he Florida Department of Agriculture and Consumer Services’ (DACS) agricultural law enforcement officers play a critical role in our state – not only protecting Florida’s 18 million residents, but also safeguarding the agriculture industry from potential threats. While their work includes inspecting cargo and protecting Floridians from unsafe, unfair and deceptive business practices, these officers also investigate criminal cases of theft, food safety and wild land arson. These men and women in uniform selflessly put their lives on the line each day to efficiently and effectively serve our state, and I am proud to recognize one of our own – Investigator Daniel Williamson, who was recently nominated for the 2011 Law Enforcement Officer of the Year Award. Daniel, who was also selected as the DACS Investigator of the Year, was nominated for his dedication to the law enforcement community and commitment to protecting Floridians from criminal activities. Over the past eight years, Daniel has continually demonstrated outstanding leadership and performance as a criminal investigator. His patience, persistence and attention to detail have resulted in the successful prosecution of several major cases in our state – including one that involved 30 wood arson incidents in Jacksonville. While investigating a single arson, Daniel recovered an incendiary device that contained DNA and was able to link it to multiple wild fires throughout the region. Without this lead, several arsons would have likely gone unsolved.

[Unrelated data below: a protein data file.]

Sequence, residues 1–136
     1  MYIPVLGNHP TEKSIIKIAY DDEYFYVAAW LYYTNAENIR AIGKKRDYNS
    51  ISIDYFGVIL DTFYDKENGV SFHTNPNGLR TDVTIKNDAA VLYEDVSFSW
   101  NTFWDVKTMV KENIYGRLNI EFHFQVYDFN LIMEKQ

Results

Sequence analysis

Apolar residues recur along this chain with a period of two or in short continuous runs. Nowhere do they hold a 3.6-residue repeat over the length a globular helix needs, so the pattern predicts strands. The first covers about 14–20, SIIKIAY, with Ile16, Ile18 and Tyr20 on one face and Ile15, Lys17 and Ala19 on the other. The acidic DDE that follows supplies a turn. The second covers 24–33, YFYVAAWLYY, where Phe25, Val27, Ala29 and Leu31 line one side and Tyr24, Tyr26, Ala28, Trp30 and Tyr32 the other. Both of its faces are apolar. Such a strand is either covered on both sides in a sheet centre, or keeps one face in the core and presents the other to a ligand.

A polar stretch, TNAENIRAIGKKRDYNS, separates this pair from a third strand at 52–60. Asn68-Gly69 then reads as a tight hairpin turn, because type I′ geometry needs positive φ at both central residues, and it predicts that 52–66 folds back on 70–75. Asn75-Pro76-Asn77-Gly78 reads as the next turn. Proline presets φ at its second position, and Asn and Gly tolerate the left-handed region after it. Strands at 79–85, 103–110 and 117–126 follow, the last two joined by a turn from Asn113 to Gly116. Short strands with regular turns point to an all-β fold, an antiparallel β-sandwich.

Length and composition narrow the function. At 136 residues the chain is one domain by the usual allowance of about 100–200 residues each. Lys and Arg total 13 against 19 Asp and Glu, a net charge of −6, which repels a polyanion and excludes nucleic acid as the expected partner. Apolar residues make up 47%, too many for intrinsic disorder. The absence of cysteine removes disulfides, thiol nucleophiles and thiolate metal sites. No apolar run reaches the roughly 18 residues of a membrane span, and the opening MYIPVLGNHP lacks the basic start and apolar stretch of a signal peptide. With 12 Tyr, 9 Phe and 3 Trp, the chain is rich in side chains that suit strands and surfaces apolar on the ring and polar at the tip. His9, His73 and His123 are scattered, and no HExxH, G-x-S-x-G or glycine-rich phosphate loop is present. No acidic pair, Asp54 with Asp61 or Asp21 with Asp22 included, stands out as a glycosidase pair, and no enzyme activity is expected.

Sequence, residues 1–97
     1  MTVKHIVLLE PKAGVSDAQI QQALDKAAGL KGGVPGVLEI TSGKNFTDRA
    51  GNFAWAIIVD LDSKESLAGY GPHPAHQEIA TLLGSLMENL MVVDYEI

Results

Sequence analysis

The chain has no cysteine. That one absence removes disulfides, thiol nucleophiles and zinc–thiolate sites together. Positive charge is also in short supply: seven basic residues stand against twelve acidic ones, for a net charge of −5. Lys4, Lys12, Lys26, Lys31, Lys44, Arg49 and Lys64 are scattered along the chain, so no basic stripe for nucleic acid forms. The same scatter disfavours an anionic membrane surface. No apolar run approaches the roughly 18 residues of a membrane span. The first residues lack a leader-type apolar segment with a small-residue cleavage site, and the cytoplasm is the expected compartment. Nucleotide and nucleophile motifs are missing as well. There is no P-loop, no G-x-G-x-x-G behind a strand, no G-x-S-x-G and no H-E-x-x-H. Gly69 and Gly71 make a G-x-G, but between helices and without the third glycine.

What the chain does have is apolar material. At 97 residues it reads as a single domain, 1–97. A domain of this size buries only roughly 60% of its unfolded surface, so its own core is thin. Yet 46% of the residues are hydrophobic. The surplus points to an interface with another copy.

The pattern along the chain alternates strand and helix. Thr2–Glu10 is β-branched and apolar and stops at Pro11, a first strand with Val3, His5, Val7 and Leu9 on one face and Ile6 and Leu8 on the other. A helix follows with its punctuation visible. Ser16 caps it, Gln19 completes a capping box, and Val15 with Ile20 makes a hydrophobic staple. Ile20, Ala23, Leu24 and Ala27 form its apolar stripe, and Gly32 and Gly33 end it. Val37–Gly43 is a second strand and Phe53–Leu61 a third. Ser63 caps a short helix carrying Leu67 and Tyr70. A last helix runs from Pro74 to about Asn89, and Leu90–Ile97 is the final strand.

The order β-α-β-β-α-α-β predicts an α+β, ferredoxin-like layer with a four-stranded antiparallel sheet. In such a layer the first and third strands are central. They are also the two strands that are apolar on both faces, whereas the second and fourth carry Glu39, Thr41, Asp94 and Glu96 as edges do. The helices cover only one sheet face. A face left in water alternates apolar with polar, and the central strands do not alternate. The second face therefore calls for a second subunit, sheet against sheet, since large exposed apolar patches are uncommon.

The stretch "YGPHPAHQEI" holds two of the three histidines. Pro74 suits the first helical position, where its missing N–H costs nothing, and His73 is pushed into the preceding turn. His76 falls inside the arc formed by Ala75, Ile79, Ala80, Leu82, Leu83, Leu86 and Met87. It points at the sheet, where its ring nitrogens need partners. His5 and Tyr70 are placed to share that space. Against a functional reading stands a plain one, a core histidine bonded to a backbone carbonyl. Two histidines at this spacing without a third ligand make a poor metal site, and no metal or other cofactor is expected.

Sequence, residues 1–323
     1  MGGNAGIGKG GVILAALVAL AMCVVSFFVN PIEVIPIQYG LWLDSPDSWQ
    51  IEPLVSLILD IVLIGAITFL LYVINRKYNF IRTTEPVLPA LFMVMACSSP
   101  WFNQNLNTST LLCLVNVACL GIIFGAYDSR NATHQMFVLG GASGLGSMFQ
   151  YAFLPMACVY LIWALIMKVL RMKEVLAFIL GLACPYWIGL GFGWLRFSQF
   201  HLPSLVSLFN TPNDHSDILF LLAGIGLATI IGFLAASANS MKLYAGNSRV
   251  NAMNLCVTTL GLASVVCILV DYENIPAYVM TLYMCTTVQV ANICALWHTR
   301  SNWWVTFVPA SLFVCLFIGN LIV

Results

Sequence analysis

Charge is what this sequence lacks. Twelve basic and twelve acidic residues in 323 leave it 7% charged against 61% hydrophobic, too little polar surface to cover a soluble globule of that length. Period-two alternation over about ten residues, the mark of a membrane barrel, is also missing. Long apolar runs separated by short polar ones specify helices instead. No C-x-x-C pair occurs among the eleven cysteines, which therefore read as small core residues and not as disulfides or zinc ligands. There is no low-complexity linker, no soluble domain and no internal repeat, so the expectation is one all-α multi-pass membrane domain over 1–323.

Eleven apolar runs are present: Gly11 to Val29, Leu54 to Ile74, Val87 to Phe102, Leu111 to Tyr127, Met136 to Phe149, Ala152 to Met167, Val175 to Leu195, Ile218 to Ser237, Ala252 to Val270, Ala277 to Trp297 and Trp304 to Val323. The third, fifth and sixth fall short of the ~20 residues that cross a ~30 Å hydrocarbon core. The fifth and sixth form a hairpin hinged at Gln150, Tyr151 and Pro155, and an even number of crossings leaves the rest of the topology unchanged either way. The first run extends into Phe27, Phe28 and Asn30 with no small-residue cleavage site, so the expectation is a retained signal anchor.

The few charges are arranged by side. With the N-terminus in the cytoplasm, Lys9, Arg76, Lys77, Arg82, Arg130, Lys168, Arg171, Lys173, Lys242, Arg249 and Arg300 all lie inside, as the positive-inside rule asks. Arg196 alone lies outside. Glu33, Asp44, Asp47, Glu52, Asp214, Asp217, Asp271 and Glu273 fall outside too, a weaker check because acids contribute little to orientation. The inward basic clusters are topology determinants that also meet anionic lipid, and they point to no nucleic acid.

In another case, Daniel was the lead in an investigation involving a charitable organization that was actively soliciting donations in multiple states. The organization was a part of a scheme in which the person operating the charity had stolen the identity of a person from another state. After investigating multiple criminal violations, Daniel teamed up with the Internal Revenue Service Criminal Investigations Section and the Office of Inspector General of Veterans Affairs and presented the case to the U.S. Attorney’s Office. While the investigation is still open, Daniel’s efforts garnered recognition on an episode of America’s Most Wanted. We are fortunate to have people of Daniel’s caliber working to protect the people of Florida. His knowledge of regulated programs and willingness to share his expertise has proved to be an invaluable component of our training and he is truly an asset to our department. I join Attorney General Pam Bondi, the 2011 Law Enforcement Officer of the Year Deputy Michael Braswell of the Polk County Sheriff’s Office, and all of the award nominees, including Daniel, for their contributions to protecting the life, property and natural resources in our state. For more information about the Attorney General’s 2011 Law Enforcement Officer of the Year Award and all of the nominees, visit the Attorney General’s website at: http://myfloridalegal.com/__852562220065EE67.nsf/0/070E C84E1FE8E69D8525799D005D7CEE?Open&Highlight=0, law,enforcement,of,the,year,award